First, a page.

Datasqueeze Software

Technical Details

Technical Details
Screen Shots
XRD Basics
About Us

Why Datasqueeze?

Modern x-ray diffraction (XRD) is very often performed using two-dimensional, or "area" detectors--the solid state equivalent of film. Commonly used technologies include CCD detectors (usually with some kind of x-ray fluorescent screen), image plates, or wire detectors. These are generally supplied by the vendor with built-in software that collects the data and performs some kind of specialized analysis, such as protein crystallography or phase identification via powder diffraction.

The problem comes when the user tries to use the equipment for a purpose other than that envisioned by the manufacturer--for example, looking at small-angle x-ray scattering (SAXS) from protein solutions, or diffuse scattering from amorphous polymers, on a system intended for crystallography. The scientist then quickly encounters two related problems: the on-board software is not sufficiently flexible to perform the desired analysis, and the file format structure is so obscure that what started as a simple data analysis project turns into a lengthy exercise in interpreting binary data with custom compression.

This is where Datasqueeze comes in. This application allows you to read most of the XRD formats that are currently on the market (with more being added continuously), analyze the data, and export the results on both graphical and text formats that can be easily used by other applications.

General Description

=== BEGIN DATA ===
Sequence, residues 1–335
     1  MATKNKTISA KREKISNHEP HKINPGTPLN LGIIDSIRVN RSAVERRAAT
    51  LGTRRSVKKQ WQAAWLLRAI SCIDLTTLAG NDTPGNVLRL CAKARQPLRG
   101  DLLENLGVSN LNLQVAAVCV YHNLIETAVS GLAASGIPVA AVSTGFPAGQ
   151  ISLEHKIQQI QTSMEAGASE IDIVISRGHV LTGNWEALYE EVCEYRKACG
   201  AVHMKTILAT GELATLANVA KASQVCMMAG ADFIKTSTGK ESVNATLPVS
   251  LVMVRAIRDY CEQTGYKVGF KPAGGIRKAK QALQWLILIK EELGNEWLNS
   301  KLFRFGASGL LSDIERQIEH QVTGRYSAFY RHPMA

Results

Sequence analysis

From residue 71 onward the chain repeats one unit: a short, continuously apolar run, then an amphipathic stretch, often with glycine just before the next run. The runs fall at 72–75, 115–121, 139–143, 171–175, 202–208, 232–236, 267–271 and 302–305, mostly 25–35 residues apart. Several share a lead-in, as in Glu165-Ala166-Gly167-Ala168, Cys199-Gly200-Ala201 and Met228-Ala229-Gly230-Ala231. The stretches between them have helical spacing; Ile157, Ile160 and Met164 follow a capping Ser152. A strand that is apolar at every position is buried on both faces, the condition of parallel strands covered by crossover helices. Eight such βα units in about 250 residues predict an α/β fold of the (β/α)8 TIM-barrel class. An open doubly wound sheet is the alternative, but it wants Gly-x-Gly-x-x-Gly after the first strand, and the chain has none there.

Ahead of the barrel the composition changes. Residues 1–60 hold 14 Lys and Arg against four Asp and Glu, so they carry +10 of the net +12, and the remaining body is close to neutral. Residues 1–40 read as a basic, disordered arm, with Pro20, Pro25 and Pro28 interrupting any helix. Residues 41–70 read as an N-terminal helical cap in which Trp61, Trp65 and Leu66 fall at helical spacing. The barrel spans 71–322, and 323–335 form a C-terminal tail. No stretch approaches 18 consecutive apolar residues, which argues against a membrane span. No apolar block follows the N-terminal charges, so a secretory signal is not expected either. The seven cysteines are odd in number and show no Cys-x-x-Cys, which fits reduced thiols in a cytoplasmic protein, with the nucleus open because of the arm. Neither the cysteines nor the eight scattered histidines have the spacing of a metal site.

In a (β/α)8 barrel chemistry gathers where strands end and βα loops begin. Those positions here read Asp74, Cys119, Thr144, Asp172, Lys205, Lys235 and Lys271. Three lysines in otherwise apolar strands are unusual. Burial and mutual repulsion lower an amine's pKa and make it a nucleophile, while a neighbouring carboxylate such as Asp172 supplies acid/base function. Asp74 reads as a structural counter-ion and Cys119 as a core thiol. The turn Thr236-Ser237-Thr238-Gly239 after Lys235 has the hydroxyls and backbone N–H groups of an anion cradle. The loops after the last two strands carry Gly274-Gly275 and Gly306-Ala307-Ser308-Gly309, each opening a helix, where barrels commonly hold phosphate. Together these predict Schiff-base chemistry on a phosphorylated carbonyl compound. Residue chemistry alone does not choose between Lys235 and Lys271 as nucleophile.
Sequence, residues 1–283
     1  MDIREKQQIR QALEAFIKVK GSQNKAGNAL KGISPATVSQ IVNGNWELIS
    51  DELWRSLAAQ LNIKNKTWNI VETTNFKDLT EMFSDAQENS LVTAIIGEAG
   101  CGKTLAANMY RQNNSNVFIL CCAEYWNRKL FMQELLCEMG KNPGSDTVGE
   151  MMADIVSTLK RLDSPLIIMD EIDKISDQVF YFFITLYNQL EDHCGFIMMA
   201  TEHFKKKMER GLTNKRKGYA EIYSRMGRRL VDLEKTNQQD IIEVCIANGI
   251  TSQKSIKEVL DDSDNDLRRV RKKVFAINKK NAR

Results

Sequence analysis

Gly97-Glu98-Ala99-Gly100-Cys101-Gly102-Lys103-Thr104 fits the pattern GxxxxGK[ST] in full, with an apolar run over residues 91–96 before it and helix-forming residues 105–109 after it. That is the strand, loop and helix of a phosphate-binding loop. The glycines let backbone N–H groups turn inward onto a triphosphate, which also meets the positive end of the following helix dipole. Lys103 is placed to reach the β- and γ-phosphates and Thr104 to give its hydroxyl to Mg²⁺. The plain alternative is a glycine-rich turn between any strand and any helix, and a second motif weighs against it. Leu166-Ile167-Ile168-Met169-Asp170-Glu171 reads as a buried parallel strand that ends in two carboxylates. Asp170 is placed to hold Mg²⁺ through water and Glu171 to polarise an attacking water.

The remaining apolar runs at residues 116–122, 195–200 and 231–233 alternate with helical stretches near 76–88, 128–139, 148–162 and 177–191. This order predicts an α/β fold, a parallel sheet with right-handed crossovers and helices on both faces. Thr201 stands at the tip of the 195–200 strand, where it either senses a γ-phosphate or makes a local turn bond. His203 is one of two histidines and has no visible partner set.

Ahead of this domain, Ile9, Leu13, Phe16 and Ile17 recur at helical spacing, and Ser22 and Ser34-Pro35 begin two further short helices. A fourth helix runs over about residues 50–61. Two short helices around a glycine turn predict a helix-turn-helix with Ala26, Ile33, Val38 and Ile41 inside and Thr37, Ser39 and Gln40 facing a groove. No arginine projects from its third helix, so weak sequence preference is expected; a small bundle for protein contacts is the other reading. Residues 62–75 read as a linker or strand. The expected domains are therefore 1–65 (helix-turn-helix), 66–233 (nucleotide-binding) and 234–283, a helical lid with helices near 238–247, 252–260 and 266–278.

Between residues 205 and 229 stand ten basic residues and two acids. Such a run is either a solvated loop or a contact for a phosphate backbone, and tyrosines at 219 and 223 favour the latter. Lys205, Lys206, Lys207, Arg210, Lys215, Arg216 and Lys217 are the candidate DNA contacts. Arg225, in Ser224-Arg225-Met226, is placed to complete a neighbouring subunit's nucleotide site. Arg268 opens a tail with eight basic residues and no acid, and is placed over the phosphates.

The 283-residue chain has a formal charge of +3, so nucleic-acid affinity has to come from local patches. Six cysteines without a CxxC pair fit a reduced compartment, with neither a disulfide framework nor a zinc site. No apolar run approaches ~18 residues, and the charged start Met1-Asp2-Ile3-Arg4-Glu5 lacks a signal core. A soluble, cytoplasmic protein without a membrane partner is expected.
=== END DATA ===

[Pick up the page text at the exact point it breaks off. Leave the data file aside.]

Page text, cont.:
Datasqueeze is a graphical interface for analyzing data from 2D x-ray detectors. The data are represented as a false color image, with substantial control over the colors displayed. Basic functions include changing the color scale of the false color image, calibrating the image (i.e., determining parameters such as the image center and the angular scale of the image), producing radial or azimuthal x-y plots of intensity, and saving analyzed data both as images or in formats suitable for input to other programs such as Matlab or Excel. The x-y data extracted from the 2D images can also be least-squares fits to a variety of functions.

Datasqueeze will run on multiple platforms, including Windows, Linux, and Macintosh OS X. This means that the scientist is not tied to the computer that produced the data, or to a central "analysis computer," but can carry the data off to his or her office to be examined at leisure.

Datasqueeze is particularly useful for the analysis of powder diffraction data, diffuse scattering from polymers or liquid crystals, or small-angle scattering ("SAXS") from colloids, polymers, gels, or solutions.

What Datasqueeze will not do

Datasqueeze is not well suited for extracting intensities from many sharp Bragg peaks in a single-crystal diffraction type experiment (although it has been used to extract information about pixel statistics in such images). Datasqueeze is unsuitable for the analysis of data produced on curved detectors. It may read in the data from such detectors, but the conversion to scattering angle will be unreliable. Finally, Datasqueeze is unsuitable for the analysis of radiographic or tomographic images obtained from the transmission of x-rays through a patient or sample.

System Requirements

To install and run Datasqueeze you need the following:

Supported Data File Formats

New data formats are being added continuously (contact us if there is a new format you would like to see added). Currently supported formats include the following:


The following is a summary of some of the capabiliites of Datasqueeze. For more detailed information, feel free the refer to the manual which also is distributed with the application.

Last updated August 9, 2017

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